Knowledge flows within multinatio...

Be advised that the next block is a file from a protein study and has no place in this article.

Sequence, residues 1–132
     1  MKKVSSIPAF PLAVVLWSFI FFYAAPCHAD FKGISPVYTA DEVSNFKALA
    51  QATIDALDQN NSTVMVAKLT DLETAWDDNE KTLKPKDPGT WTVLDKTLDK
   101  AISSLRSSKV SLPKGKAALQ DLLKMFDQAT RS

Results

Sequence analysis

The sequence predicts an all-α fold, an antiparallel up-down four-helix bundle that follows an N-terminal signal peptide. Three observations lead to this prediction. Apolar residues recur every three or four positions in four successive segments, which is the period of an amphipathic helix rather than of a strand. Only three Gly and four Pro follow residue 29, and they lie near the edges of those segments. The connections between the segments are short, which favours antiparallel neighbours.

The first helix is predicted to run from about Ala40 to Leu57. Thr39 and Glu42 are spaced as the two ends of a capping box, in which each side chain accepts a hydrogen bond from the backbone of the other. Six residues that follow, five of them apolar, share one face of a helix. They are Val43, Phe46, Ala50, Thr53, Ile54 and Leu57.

Strategic Management Journal Strat. Mgmt. J., 21: 473���496 (2000) KNOWLEDGE FLOWS WITHIN MULTINATIONAL CORPORATIONS ANIL K. GUPTA1* and VIJAY GOVINDARAJAN2 1The Robert H. Smith School of Business, The University of Maryland, College Park, Maryland, U.S.A. 2The Amos Tuck School of Business, Dartmouth College, Hanover, New Hampshire, U.S.A. Pursuing a nodal (i.e., subsidiary) level of analysis, this paper advances and tests an overarching theoretical framework pertaining to intracorporate knowledge transfers within multinational corporations (MNCs). We predicted that (i) knowledge outflows from a subsidiary would be positively associated with value of the subsidiary���s knowledge stock, its motivational disposition to share knowledge, and the richness of transmission channels and (ii) knowledge inflows into a subsidiary would be positively associated with richness of transmission channels, motivational disposition to acquire knowledge, and the capacity to absorb the incoming knowledge. These predictions were tested empirically with data from 374 subsidiaries within 75 MNCs headquar- tered in the U.S., Europe, and Japan. Except for our predictions regarding the impact of source unit���s motivational disposition on knowledge outflows, the data provide either full or partial support to all of the other elements of our theoretical framework. Copyright ��� 2000 John Wiley & Sons, Ltd. In recent years, researchers in organization theory (Levitt and March, 1988), economics (Nelson and Winter, 1982), as well as strategic management (Prahalad and Hamel, 1994 Schendel, 1996) have identified organizational learning as one of the most important subjects for scholarly inquiry. Aimed at further deepening our understanding of a key topic within this broad area viz., intra- firm flows of organizational knowledge, this paper reports the results of a theoretical and empirical investigation into the determinants of internal knowledge transfers within multinational corpo- rations. The following four observations underlie the motivations for this study. First, every firm constitutes a bundle of knowl- edge. As a corollary of the ���resource-based view of the firm��� (Barney, 1991 Penrose, 1959 Wer- Key words: knowledge flows, multinational corpo- rations, subsidiaries *Correspondence to: Anil K. Gupta, The Robert H. Smith School of Business, The University of Maryland, College Park, MD 20742, U.S.A. Received 27 August 1997 Copyright ��� 2000 John Wiley & Sons, Ltd. Final revision received 1 August 1999 nerfelt, 1984), this observation is now so widely accepted as to have become almost axiomatic (Grant, 1996 Huber, 1991 Kogut and Zander, 1992 Nelson and Winter, 1982 Nonaka, 1994). In the context of this paper, it is particularly important to note that, of all possible resources that a firm might possess, its knowledge base has perhaps the greatest ability to serve as a source of sustainable differentiation and hence competitive advantage (Dierickx and Cool, 1989 Lippman and Rumelt, 1982). Second, the primary reason why MNCs exist is because of their ability to transfer and exploit knowledge more effectively and efficiently in the intra-corporate context than through external mar- ket mechanisms. This ���internalization of intan- gible assets��� argument, originally advanced by Hymer (1960), has been subjected to numerous confirmatory empirical tests and is now widely accepted as the ���received theory��� on why MNCs exist (Buckley and Casson, 1976 Caves, 1971, 1982 Ghoshal, 1987 Kindleberger, 1969 Porter, 1986 Teece, 1981). Of course, external markets